Tom Lutz handpicks four books a year and conducts an exclusive book club with LARB members. Books are shipped to your door in advance. The book club meeting is held on Facebook, and all members are sent an exclusive interview between Tom and the author, either by video or audio stream.
For questions about Tom’s Book Club, email us at email@example.com.
“Going nowhere isn’t about turning your back on the world; it’s about stepping away now and then so you can see the world more clearly and love it more deeply.”
For the sixth installment of Tom's Book Club, Tom Lutz, founder and Editor-in-Chief of the Los Angeles Review of Books, has chosen Pico Iyer's The Art of Stillness (Simon & Schuster/TED November 2014). "An unexpected truth from a celebrated travel writer: Stillness just might be the ultimate adventure. Pico Iyer reveals how stillness can act as a creative catalyst, and advocates for a way of living that counters the frenetic design of our modern lives."
We will begin our Facebook discussion group on Monday, March 9. If you have questions or comments for Pico, please post them there. Become a Tom's Book Club member by March 1 to receive your copy of the book.
A follow up to Pico Iyer’s essay “The Joy of Quiet,” The Art of Stillness considers the unexpected adventure of staying put and reveals a counterintuitive truth: The more ways we have to connect, the more we seem desperate to unplug.
Why might a lifelong traveler like Pico Iyer, who has journeyed from Easter Island to Ethiopia, Cuba to Kathmandu, think that sitting quietly in a room might be the ultimate adventure? Because in our madly accelerating world, our lives are crowded, chaotic and noisy. There’s never been a greater need to slow down, tune out and give ourselves permission to be still
In The Art of Stillness—a TED Books release—Iyer investigate the lives of people who have made a life seeking stillness: from Matthieu Ricard, a Frenchman with a PhD in molecular biology who left a promising scientific career to become a Tibetan monk, to revered singer-songwriter Leonard Cohen, who traded the pleasures of the senses for several years of living the near-silent life of meditation as a Zen monk. Iyer also draws on his own experiences as a travel writer to explore why advances in technology are making us more likely to retreat. He reflects that this is perhaps the reason why many people—even those with no religious commitment—seem to be turning to yoga, or meditation, or seeking silent retreats. These aren't New Age fads so much as ways to rediscover the wisdom of an earlier age. Growing trends like observing an “Internet Sabbath”—turning off online connections from Friday night to Monday morning—highlight how increasingly desperate many of us are to unplug and bring stillness into our lives.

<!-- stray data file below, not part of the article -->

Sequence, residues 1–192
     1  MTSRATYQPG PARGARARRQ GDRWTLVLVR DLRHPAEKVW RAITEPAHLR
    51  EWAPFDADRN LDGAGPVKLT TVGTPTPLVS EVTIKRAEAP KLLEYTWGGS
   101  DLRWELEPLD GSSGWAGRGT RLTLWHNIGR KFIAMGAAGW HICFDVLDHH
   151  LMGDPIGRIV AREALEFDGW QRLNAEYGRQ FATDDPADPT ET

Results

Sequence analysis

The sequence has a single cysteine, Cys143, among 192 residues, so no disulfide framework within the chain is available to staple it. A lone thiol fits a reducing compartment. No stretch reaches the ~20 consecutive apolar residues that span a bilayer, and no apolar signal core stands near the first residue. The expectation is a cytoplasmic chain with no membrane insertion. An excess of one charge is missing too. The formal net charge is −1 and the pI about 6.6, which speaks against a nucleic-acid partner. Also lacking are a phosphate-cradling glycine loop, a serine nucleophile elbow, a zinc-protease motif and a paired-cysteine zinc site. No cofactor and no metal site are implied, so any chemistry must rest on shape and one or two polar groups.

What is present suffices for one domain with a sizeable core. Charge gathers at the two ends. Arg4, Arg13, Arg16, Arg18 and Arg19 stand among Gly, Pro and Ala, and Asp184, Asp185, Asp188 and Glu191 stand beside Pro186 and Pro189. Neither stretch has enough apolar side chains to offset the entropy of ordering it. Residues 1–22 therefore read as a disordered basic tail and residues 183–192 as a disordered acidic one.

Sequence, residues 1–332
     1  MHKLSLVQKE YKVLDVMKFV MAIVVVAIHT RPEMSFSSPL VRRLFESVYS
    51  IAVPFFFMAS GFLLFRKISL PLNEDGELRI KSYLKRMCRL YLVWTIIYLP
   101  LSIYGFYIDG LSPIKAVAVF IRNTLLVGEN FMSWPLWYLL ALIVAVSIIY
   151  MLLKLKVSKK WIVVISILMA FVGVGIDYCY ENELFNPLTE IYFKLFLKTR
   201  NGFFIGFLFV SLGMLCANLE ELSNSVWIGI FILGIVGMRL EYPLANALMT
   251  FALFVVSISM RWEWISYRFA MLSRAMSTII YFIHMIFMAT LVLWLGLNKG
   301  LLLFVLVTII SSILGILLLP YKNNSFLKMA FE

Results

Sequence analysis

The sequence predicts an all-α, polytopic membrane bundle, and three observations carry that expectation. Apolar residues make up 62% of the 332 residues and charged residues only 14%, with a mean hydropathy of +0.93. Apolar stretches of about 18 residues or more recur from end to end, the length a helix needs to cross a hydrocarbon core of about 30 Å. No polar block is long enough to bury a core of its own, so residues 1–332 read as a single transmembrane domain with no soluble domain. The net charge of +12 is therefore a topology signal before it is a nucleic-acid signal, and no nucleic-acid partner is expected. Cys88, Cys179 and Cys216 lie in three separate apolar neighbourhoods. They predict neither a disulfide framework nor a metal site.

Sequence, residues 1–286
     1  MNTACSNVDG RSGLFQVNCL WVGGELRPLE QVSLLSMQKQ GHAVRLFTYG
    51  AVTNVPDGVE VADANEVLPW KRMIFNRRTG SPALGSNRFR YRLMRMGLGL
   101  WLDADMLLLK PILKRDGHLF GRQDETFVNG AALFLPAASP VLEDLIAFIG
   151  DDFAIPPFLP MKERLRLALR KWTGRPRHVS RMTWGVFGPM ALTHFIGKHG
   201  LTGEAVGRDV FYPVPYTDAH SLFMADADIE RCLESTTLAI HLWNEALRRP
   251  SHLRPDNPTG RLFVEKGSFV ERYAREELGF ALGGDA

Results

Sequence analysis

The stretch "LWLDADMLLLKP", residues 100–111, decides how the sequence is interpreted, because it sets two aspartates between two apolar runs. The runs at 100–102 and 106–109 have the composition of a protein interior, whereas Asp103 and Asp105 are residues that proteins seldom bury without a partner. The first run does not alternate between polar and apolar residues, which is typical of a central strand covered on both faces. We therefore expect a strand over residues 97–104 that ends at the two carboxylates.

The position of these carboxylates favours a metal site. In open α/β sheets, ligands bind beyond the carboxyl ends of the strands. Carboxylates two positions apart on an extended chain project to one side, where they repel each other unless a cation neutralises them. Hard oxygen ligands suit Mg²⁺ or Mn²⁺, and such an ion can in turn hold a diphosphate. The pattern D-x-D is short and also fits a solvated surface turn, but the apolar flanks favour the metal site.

The Art of Stillness paints a picture of why so many—from Marcel Proust to Mahatma Ghandi to Emily Dickinson—have found richness in stillness. Ultimately, Iyer shows that, in this age of constant movement and connectedness, perhaps staying in one place is a more exciting prospect, and a greater necessity than ever before.
About Pico Iyer
Pico Iyer, a British born essayist and novelist, has an entirely singular sensibility. His various books are linked by his interest in cultural crossroads and the values that transcend boundaries. He has established himself as major presence in culture life of Japan, where he is based, and in the United States, (where he lives during part of the year) Britain (where he was educated), and India where his family traces its roots. An Oxford graduate, he taught at Harvard and is one of few writers whose work, like his interests, transcend cultures.
Helen Oyeyemi Book Club / Discussion with Tom Lutz
June 16, 2014
David Grand Book Club / Discussion with Tom Lutz
October 12, 2014
James Ellroy Book Club / Discussion with Tom Lutz
December 6, 2014